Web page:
Was it really 10 years ago that they had moved into this unit? It was built on to another house. The two rooms were tiny compared to the kitchen slash living room, every door and window was a different size and the concrete floor rose and fell haphazardly throughout the unit. They shared the shower and toilet with the main house.
They first met one week after she began working at Papindo, Papua New Guinea’s biggest retail chain.
She had not made it into Grade 9 and he looked so handsome in cut jeans and a t-shirt. He was studying accounting at the University of Papua New Guinea.
Just two months after they first met he blurted out that he loved her and wanted to marry her. This was the cheapest place they could find. He reassured her between kisses that it was just until he had finished university and started working.
At K100 per fortnight it was the only place she could afford on her wages. Of course she got pregnant almost immediately, first came Ruth then Tony. After Tony she secretly went on the pill.
She was surprised he remembered their anniversary especially since he had left one morning two years ago for work and never came back.
He looked plump, his clothes looked new and smelt nice. He wore an expensive watch but then again image was everything, right! After all he was with a big accounting firm in downtown Port Moresby.
He came into the room and grabbed a towel. She quickly closed her eyes so he would think she was still sleeping. He had left his favorite toy on the old filing cabinet that served as a clothes’ cupboard. He grinned as he walked past it to go up to the main house and have a shower.
She got up and touched it. Yes… she decided when he came back they would play another game. He had kept her up all night playing games so surely they could play another.
He strode in, still whistling and opened his drawer; he, of course was the only family member with a proper drawer for his clothes’. They had to be folded in a special way.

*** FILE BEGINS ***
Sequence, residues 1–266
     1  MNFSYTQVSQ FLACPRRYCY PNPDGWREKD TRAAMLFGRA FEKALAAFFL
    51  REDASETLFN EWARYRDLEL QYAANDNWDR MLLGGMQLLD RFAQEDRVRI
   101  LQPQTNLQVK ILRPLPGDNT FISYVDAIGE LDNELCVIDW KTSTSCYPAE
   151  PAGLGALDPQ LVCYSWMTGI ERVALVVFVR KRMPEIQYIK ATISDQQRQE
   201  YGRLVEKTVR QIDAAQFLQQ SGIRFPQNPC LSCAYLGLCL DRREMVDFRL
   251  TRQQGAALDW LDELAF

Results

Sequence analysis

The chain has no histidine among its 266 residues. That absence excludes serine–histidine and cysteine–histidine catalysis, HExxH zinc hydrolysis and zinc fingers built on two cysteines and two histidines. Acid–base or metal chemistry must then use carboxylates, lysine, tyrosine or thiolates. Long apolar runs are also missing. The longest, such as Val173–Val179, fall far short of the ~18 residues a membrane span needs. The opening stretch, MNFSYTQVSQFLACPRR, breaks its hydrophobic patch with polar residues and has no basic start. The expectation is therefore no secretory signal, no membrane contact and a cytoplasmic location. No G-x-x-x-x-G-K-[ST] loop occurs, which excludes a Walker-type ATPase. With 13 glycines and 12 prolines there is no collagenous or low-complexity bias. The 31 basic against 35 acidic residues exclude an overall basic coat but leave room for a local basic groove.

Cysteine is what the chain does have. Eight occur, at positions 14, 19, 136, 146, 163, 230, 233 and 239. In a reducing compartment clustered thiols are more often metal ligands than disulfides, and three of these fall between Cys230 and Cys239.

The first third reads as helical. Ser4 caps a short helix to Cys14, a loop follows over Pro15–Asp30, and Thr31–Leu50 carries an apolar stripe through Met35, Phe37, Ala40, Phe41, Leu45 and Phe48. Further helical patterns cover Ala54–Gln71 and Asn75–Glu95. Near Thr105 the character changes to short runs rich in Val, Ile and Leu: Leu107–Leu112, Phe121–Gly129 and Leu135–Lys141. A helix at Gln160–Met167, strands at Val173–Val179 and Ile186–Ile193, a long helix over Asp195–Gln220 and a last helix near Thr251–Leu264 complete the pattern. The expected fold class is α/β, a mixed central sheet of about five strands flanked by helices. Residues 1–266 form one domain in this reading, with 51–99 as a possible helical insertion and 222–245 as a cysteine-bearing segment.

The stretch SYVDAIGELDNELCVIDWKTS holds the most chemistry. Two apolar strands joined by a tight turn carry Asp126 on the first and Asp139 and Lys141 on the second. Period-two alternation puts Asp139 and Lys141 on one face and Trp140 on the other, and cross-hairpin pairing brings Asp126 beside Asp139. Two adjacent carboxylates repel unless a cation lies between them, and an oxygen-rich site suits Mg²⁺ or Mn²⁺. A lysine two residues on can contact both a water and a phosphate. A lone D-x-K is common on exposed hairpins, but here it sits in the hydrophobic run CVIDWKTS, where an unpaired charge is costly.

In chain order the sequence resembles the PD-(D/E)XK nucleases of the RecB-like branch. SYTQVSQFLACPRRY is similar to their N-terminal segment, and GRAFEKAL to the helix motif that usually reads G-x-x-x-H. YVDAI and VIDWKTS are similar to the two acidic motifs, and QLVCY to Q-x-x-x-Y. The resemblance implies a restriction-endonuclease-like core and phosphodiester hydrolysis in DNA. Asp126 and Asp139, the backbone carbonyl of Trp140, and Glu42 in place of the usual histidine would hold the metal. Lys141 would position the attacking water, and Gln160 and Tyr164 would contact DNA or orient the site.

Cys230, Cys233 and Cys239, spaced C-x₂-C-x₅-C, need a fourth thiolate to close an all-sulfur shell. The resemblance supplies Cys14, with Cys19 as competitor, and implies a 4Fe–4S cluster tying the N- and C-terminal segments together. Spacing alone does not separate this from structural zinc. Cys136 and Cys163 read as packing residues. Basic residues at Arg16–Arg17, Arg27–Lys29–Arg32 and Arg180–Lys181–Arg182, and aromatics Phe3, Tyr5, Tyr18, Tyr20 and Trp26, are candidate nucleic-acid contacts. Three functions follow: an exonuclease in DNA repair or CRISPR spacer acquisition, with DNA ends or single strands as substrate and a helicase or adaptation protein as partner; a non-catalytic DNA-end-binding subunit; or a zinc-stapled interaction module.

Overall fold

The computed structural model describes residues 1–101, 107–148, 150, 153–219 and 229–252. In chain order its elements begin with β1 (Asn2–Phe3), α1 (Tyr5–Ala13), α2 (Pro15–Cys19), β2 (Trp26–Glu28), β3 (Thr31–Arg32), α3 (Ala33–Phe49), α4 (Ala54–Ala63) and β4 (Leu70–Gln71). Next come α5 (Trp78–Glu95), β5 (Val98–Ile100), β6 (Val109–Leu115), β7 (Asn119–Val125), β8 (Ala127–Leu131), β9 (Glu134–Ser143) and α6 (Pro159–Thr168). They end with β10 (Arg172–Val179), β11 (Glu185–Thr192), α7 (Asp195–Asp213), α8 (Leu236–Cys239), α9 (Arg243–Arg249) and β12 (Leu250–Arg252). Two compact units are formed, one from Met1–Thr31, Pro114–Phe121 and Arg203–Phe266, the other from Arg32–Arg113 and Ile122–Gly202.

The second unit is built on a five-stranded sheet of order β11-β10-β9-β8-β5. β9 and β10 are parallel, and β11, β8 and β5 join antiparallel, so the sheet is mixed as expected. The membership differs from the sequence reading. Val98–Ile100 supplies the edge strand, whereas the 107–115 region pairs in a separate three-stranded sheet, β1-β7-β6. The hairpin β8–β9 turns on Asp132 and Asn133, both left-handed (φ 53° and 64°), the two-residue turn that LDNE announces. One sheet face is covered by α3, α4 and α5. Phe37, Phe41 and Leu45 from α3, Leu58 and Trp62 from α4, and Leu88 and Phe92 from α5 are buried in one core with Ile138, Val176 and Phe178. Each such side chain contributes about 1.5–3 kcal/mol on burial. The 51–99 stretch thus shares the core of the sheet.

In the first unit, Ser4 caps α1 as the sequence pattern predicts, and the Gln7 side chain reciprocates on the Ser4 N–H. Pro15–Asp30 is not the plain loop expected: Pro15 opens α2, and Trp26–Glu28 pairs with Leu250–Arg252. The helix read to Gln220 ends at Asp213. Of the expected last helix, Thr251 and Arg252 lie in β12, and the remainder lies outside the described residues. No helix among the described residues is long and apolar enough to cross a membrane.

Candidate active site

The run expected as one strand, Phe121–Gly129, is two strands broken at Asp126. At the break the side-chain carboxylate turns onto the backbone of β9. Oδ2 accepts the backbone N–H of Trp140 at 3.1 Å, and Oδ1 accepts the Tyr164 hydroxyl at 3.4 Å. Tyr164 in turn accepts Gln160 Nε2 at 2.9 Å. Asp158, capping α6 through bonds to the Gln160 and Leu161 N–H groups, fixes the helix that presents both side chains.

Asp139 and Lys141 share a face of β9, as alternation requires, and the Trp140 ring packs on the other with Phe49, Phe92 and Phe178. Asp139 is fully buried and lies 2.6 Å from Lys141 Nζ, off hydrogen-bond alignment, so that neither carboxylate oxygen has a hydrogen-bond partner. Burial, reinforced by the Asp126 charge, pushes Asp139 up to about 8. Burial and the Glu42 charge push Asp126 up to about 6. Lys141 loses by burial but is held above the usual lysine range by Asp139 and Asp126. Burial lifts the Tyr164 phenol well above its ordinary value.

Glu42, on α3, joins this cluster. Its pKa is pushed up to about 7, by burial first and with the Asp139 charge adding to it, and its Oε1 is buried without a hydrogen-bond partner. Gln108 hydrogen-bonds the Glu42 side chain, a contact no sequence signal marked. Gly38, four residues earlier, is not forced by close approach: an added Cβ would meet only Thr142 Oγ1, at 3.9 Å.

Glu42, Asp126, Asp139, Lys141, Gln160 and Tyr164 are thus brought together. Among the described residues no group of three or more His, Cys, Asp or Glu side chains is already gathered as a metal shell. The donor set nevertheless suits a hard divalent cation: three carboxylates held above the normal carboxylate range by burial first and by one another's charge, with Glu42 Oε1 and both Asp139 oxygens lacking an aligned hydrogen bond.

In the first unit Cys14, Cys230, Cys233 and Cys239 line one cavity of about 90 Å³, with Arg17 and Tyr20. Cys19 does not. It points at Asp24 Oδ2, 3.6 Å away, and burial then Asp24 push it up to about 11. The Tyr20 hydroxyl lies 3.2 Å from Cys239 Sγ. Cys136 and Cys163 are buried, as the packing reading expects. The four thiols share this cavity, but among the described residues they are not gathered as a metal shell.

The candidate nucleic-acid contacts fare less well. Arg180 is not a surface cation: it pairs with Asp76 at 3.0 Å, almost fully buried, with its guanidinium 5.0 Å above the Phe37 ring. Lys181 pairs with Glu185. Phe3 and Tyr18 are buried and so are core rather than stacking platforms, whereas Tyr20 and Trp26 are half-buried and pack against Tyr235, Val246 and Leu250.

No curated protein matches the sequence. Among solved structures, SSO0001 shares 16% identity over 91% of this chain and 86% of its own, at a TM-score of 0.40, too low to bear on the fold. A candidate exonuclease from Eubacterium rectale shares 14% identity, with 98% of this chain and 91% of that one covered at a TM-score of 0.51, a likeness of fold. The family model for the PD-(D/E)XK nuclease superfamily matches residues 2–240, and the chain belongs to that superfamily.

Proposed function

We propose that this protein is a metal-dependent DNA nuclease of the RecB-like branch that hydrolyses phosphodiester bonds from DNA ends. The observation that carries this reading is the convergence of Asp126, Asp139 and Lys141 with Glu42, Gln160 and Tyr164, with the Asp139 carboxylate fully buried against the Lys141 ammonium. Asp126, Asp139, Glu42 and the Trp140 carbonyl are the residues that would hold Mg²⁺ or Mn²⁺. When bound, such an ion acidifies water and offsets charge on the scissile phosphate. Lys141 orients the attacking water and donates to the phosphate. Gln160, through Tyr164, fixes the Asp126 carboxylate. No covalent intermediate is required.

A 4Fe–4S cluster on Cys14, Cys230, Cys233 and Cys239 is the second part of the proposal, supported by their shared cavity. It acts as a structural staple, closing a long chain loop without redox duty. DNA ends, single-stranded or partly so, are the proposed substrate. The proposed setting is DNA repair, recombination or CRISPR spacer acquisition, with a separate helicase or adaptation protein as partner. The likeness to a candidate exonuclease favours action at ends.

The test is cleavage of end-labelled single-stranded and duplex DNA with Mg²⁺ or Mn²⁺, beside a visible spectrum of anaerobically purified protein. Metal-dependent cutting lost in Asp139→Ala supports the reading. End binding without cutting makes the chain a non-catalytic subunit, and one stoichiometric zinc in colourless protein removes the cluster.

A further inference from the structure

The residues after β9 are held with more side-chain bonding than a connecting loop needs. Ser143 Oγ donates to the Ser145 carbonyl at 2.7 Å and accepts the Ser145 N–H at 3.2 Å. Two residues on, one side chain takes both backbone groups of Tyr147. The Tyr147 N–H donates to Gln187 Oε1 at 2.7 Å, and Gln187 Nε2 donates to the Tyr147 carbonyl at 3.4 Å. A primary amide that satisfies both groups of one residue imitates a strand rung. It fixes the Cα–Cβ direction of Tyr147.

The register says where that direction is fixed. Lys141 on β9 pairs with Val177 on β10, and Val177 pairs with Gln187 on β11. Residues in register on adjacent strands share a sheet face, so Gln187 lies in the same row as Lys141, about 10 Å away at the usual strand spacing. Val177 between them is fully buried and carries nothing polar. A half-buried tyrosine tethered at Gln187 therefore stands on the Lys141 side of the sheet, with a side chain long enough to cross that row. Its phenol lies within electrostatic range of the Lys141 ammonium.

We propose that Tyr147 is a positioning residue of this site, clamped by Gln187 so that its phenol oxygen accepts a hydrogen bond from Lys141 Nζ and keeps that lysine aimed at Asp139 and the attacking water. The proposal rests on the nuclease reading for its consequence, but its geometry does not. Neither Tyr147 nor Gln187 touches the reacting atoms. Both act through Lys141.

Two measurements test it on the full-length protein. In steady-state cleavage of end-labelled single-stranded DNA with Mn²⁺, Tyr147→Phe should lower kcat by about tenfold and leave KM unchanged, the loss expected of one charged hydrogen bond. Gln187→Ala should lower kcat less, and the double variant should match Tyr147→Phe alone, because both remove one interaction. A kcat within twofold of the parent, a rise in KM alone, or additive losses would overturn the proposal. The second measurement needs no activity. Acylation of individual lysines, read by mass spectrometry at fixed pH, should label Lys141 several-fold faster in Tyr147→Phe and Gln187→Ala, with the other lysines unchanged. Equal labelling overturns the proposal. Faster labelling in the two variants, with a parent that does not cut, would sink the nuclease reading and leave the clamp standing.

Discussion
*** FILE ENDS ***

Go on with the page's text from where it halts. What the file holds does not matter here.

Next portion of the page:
“Karennnn,” he roared when he saw them all messed up. Then he froze when he heard the click and felt the cold metal against his head.
She put a finger to her lips and ‘shhhhed’ him as he looked turned and gawked at her. It hurt to hold the gun steady.
“You know the rules baby; no screaming until I say so,” Karen whispered.
She knew his roar had sent their children into hiding.
The surprised look quickly disappeared before he roared again, foul words tumbled out of his mouth as he lurched forward. She grinned as she looked at him. He hesitated and stepped backward.
“What’s wrong honey,” she purred not bothering to stop the smile spreading across her face.
“Isn’t this why you came back so we could play?” she asked arching an eyebrow.
Oh he looked so vulnerable.
“Baby…I love you. I’m sorry I know last night I got a bit rough but you should have given me the money when I told you too,” he said, tears slowly sliding down his chocolate skin. He always had perfect skin.
“I know….,” she whispered.
The sound was deafening. She had never heard the gun fired before.
She sat on the floor watching him when the front door squeaked open.